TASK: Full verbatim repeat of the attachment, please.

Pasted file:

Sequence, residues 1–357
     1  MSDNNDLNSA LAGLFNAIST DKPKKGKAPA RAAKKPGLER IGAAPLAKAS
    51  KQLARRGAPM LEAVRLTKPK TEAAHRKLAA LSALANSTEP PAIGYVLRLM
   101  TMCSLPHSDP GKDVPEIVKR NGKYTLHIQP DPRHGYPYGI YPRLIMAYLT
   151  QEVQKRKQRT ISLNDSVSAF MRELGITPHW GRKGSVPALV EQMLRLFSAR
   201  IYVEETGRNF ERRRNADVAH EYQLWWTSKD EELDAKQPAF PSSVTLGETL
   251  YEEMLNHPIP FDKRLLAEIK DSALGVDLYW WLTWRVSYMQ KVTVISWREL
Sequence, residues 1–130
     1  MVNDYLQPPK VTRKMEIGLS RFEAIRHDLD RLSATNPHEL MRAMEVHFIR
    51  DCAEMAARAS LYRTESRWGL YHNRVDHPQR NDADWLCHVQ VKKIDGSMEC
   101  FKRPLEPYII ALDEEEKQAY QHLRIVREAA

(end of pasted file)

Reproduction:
Sequence, residues 1–357
     1  MSDNNDLNSA LAGLFNAIST DKPKKGKAPA RAAKKPGLER IGAAPLAKAS
    51  KQLARRGAPM LEAVRLTKPK TEAAHRKLAA LSALANSTEP PAIGYVLRLM
   101  TMCSLPHSDP GKDVPEIVKR NGKYTLHIQP DPRHGYPYGI YPRLIMAYLT
   151  QEVQKRKQRT ISLNDSVSAF MRELGITPHW GRKGSVPALV EQMLRLFSAR
   201  IYVEETGRNF ERRRNADVAH EYQLWWTSKD EELDAKQPAF PSSVTLGETL
   251  YEEMLNHPIP FDKRLLAEIK DSALGVDLYW WLTWRVSYMQ KVTVISWREL
Sequence, residues 1–130
     1  MVNDYLQPPK VTRKMEIGLS RFEAIRHDLD RLSATNPHEL MRAMEVHFIR
    51  DCAEMAARAS LYRTESRWGL YHNRVDHPQR NDADWLCHVQ VKKIDGSMEC
   101  FKRPLEPYII ALDEEEKQAY QHLRIVREAA